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|“||It would perhaps not be amiss to point out that he had always tried to be a good dog. He had tried to do all the things his MAN and his WOMAN, and most of all his BOY, had asked or expected of him. He would have died for them, if that had been required. He had never wanted to kill anybody. He had been struck by something, possibly destiny, or fate, or only a degenerative nerve disease called rabies. Free will was not a factor.||„|
|~ Stephen King about Cujo and his tragic fate.|
Cujo is the titular main antagonist of Stephen King's 1981 novel and its 1983 film adaptation of the same name and a minor antagonist in the 1985 film Cat's Eye. He was once a friendly and playful companion, but when he got rabies, he went insane and was turned into a vicious killer that attacked anybody who came near him.
He was portrayed by Moe and his vocal sound effects were provided by Frank Welker.
Cujo was once the beloved St. Bernard of the Camber family, but was bitten by a rabid bat in the nose when his head got stuck in a bat cave while chasing a rabbit (which was shown at the beginning of the movie).
Cujo then went mad with rabies and killed any person he came across including one of his own owners, conducting a murderous reign of terror on Castle Rock.
In the end of both the book and movie, Cujo was seemingly killed by Tad Trenton's mother named Donna (who also tried to save her son from dying of heatstroke), by being shot by the sheriff's gun. In the novel, he was killed after being hit by a baseball bat.
Along with Christine, he makes a cameo appearance in the 1985 film Cat's Eye, where he chases the titular cat known as General. This might hint that Cujo was back to his old, friendly self (or alternatively that the movie tokk place before the events of Cujo).
Cujo is given some more insight in the novel while the film portrays him as merely a dog gone mad due to rabies. It is said in both versions that Cujo was a friendly dog that loved to play with the local children. After being bitten by a bat and unknowingly infected by the virus, he was afraid his master would be mad and think that he was a bad dog showing how much he thought of his owners and their opinions. When infected, Cujo starts to slowly lose his mind to where he could no longer recognize even his owners (the young Brett Camber) as human seeing them akin to actual monsters barely recognizing his voice and fights off the urge to kill the boy by leaving.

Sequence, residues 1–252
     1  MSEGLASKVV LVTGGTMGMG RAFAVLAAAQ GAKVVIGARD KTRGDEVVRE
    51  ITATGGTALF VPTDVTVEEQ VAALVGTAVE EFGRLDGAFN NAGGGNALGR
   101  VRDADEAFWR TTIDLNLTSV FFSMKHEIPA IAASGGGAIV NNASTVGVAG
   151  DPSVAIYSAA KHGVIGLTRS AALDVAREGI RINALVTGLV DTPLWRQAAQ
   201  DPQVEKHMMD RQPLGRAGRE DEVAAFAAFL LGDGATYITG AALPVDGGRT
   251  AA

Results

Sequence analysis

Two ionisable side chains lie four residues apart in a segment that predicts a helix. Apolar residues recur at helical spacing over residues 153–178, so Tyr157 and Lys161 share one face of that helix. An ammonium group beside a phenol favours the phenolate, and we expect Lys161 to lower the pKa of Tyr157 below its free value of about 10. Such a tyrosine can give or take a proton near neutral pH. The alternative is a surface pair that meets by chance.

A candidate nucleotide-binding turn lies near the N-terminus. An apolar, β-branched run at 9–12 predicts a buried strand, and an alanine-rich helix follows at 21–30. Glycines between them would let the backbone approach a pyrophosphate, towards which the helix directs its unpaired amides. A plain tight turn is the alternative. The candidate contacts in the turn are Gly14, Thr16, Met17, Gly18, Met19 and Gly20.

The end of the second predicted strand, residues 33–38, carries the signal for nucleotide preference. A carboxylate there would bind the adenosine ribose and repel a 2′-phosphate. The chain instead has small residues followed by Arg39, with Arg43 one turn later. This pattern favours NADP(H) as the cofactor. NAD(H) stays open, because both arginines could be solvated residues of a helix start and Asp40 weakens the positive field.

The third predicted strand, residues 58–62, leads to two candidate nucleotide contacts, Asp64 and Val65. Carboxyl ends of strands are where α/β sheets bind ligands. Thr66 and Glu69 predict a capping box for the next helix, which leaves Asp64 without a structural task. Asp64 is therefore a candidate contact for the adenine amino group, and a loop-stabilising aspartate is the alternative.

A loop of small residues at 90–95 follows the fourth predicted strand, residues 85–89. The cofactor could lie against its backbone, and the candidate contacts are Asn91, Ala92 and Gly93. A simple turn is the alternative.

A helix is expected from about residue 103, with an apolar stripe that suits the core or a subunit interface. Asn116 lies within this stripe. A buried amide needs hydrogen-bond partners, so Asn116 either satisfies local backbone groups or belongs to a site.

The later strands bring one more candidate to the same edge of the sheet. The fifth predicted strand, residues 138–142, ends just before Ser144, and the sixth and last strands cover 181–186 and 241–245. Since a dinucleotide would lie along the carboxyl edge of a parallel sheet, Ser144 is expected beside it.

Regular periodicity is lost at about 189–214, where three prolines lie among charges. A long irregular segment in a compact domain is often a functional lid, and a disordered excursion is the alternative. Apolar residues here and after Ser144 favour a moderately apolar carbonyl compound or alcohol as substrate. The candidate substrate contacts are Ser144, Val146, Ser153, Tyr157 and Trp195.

Based on Cujo's perspective, he seemingly only identifies them through small descriptions in all caps like: "THE BOY" and "THE MAN" when thinking of them. As the book progresses, we see that he does not kill for pleasure but due to some of their loud noises and other habits which intensifies his pain thus making him lose what little restraint he manages to retain. Cujo wants to be left alone after being infected to the point he is willing to kill those around him if needed. As his mind continues to deteriorate, Cujo becomes more violent and insane from the pain and starts to believe it is the people around him causing him to be sick. It should be noted that Cujo is not a creature with malicious intent. In fact, the book's ending makes it clear that Cujo himself only ever wanted to be a good dog who after his infection it drove him insane and was no longer in full control of his actions.
- Gary Pervier: Neck bitten out.
- Joe Cambers: Face ripped off.
- George Bannerman: Knocked off of catwalk and mauled to death.
- Tad Trenton (novel only): Sunstroke from being trapped in car.
- In some scenes of the film, a painted rottweiler was used since actual St. Bernards were not capable of performing convincing simulated attacks. The Rottweiler's tail was strapped to its leg to prevent it wagging and undermining the sense of fear.
- To make the dogs attack the car in the film, their favorite toys were placed in the car so they would try to get them.
- There was an early draft where Cujo was also going to be possessed by a spirit of a serial killer, but it was scrapped because it was seen as too outlandish and would detract from the fear the writers wished to portray in the film.
- The dogs featured in the film would often have their tails tied down to their legs, because the dogs would be enjoying themselves so much that they would wag their tails during filming. This tactic was missed once in the editing where they show Cujo from behind ready to attack and his tail is wagging energetically.
- A rumor has circulated that "Cujo" is an ancient Indian word meaning "unstoppable force". In reality, Stephen King made it up himself when writing the novel.
- Despite being the main antagonist, he has only around 15 minutes of screen-time.
- Cujo is one of the far more tragic of Steven King's villains. The normal Cujo was a gentle giant, not a mean bone in it's body. But it was infected with rabies, and the poor creature had lost it's mind, not in full control of it's actions. Killing it was actually a kindness.
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